(* Recipe courtesy of MODERN COMFORT FOOD. Copyright © 2020 by Ina Garten. Published by Clarkson Potter, an imprint of Penguin Random House. Photo by Quentin Bacon)


Breathe Better with these Spiced Turmeric Mashed Potatoes from Simply by Sabrina Ghayour

Breathe better with these Spiced Turmeric Mashed Potatoes from 'Simply' by British-Iranian chef, food writer and culinary teacher, Sabrina Ghayour (Mitchell Beazley, October 2020).

Spiced turmeric mashed potatoes with cilantro

I’ve always loved mashed potatoes, but this is the next level taste-wise. It’s so comforting, and I’m not sure how it could be improved. I am mad about turmeric and it’s no secret that I love chiles, and the natural sweetness of the potatoes means they can handle the spices and chile heat easily. This is a dish I can’t recommend enough, even if you are simply looking for an alternative to your usual mashed potatoes on the side.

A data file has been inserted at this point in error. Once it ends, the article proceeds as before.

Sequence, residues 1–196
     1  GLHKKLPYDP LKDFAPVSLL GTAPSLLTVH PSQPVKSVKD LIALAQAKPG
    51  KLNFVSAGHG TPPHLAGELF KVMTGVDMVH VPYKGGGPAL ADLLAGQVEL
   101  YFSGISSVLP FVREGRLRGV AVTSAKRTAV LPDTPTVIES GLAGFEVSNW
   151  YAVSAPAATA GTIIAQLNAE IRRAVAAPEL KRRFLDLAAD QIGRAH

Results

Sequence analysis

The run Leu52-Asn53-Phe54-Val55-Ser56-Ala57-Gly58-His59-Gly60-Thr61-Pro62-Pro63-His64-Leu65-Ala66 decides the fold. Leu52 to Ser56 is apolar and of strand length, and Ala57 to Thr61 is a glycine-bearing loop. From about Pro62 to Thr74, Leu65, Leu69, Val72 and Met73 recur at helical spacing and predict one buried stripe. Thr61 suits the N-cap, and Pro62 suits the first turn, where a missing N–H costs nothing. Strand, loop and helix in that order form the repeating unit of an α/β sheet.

Serves 6 to 8

Spiced turmeric mashed potatoes from Simply

Ingredients:

4½lb russet potatoes, peeled and halved, or quartered if large

 1 teaspoon cumin seeds

1 teaspoon black mustard seeds

½ cup butter

1 to 2 teaspoons chile flakes, to taste

¾oz fresh turmeric, scrubbed and very finely grated

1 small pack (about 1oz) of fresh cilantro, finely chopped

sea salt flakes and freshly ground black pepper

Directions:

Cook the potatoes in a large saucepan of salted boiling water for 15 to 20 minutes, or until cooked through. Drain in a colander and set aside to steam dry.

Place the saucepan over medium heat, add the cumin and mustard seeds, and toast them for a few minutes, shaking the pan until they release their aroma. Add the butter, chile flakes, and turmeric and stir until the butter has melted.